### Introduction

GABIL is a method for creating decision trees using a genetic algorithm approach. In this assignment you will implement a variation of the GABIL algorithm adapted to using continuous features.

### Details

GABIL provides a mechanism for generating 0 or more rules. To provide a classification from such a set of rules you should treat the resulting rules as a decision list. What this means is that when determining the predictions by a set of rules you should start with the first rule and see if it applies, if it does you should use its prediction. If not, move on to the second rule and see if it applies then you should use its prediction. And so on until the last rule is tried. If no rule applies you should assume a default rule as the actual last rule and make that rule predict the majority class.

To generate random rules you should start by deciding how many rules. You will have parameters for the minimum and maximum number of starting rules. For example, these values could be 3 and 7. So first you would pick randomly between 3, 4, 5, 6 or 7 rules. Then you would generate each rule. A rule should have a fixed number of bits for each features as discussed in class (and below for split points). So a rule is simply the bits needed for each feature with bits for the output class added at the end. Each hypothesis will then start with some multiple of that number of bits plus two bits for the AA and DC bit.

To deal with continuous features you will start by discretizing each continuous feature. To do this you will consider all of the split points for that feature and choose the one with the largest information gain. You will then repeat this process until no split point results in positive information gain, or some fixed number of split points has been identified (which will be a parameter to your system).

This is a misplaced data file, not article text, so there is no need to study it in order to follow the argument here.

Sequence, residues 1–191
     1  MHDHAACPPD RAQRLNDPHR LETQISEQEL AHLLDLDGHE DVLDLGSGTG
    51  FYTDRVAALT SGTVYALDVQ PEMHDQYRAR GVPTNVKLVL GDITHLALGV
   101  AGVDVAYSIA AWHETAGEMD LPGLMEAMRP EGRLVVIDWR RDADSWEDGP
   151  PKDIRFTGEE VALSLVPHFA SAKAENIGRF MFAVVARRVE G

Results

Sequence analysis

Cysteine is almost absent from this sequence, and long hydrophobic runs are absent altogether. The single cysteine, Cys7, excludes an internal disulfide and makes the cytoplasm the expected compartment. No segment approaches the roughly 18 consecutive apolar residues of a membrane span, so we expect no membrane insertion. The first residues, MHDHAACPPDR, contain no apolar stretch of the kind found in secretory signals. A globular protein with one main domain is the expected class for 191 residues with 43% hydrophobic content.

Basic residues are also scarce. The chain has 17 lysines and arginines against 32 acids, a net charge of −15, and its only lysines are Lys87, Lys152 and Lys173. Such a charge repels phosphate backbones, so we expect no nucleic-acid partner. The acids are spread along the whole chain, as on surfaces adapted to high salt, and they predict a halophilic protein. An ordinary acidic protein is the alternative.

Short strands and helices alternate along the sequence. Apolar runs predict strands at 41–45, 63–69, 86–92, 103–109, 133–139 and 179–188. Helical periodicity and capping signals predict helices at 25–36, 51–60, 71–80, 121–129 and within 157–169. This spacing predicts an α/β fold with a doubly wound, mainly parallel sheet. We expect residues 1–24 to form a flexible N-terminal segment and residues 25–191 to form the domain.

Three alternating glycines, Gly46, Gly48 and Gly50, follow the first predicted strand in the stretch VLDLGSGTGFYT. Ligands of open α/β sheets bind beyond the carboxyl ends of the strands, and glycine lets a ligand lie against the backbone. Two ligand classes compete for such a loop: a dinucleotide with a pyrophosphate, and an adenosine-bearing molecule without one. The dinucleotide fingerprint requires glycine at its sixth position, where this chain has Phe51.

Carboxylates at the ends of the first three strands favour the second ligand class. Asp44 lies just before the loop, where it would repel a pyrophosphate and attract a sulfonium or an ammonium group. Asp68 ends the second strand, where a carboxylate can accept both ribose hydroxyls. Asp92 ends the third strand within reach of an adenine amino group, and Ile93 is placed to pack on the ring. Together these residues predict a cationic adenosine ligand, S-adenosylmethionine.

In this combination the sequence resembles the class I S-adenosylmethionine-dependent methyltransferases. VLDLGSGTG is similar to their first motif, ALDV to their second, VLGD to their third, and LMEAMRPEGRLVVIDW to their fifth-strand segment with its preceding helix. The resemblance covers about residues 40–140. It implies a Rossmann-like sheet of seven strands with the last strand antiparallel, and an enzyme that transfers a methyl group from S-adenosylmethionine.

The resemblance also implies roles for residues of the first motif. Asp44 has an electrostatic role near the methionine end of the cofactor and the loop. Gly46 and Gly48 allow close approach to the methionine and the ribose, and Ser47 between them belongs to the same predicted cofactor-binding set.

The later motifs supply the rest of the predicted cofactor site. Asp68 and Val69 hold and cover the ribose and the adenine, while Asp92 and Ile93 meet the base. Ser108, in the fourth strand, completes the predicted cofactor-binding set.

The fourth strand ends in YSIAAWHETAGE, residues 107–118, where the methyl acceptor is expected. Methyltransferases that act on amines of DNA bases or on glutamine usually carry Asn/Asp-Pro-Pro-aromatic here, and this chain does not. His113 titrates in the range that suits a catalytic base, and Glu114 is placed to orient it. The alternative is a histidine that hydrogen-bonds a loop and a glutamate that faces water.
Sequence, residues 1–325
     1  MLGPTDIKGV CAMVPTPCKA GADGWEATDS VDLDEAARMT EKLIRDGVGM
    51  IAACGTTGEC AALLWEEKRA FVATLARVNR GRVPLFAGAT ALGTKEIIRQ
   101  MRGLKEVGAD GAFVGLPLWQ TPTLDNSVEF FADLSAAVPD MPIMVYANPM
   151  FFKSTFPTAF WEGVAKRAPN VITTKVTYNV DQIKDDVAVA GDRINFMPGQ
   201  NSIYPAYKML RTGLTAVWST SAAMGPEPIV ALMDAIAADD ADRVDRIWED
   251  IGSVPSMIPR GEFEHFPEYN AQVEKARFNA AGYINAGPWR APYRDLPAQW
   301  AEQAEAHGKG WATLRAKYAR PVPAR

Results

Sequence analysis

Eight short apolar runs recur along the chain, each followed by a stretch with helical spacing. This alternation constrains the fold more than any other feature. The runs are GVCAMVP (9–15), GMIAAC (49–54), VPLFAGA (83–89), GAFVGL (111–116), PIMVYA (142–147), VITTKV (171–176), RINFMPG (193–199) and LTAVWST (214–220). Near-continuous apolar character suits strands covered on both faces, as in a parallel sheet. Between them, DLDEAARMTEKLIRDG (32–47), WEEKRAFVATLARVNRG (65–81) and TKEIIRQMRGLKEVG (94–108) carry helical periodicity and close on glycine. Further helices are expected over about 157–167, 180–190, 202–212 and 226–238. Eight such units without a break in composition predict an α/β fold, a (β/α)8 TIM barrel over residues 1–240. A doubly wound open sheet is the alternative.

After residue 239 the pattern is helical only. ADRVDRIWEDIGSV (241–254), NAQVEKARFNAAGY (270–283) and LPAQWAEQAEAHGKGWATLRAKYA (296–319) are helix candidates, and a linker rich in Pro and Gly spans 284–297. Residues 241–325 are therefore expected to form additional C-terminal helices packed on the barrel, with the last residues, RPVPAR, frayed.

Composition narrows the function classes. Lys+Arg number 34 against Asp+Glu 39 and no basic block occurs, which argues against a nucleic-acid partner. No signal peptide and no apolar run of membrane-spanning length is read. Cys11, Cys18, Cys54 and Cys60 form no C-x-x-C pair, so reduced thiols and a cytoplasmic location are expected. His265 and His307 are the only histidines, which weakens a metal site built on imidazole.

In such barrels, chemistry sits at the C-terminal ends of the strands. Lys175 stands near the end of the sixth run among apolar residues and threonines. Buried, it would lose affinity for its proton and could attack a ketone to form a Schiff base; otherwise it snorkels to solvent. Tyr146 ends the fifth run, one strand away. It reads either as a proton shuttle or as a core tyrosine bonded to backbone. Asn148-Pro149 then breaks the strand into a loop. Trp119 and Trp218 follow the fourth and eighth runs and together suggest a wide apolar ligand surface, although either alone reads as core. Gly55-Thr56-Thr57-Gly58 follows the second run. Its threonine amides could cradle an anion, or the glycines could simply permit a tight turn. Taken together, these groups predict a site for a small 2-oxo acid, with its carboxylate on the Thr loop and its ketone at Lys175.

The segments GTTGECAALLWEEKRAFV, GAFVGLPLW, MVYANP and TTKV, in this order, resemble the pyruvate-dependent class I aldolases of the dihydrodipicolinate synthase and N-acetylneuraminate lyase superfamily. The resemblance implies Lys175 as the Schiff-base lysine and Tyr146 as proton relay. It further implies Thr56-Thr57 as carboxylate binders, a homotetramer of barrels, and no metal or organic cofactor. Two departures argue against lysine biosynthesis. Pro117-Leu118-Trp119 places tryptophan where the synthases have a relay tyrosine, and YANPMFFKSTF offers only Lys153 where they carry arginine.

You should handle unknown values by adding an unknown bit for every feature and then use this bit to represent cases where the feature value is not known.

Your genetic algorithm should have parameters to set for the size of the population, the percentage of the population to be replaced at each step, the number of population iterations that are performed, the minimum number and maximum number of rules in the initial random rule sets and the maximum number of split points for each feature.

### What to Hand In

You should hand in a documented copy of your code (including your class files).

You should perform experiments to see how well your algorithm performs. You should create a set of test values for each of the parameters and then perform five 10-fold cross validation experiments with each setting. Then present a table for each dataset for all of the parameter combinations you try showing the average error and the standard deviation of the error. You should test on coolcars, your dataset, the promoters-936 dataset and the iris dataset.

You must also submit your code electronically. To do this create a tar file of all of your code and then submit it to the class webdrop by going to https://webdrop.d.umn.edu/ and picking the webdrop for 8751 after logging in.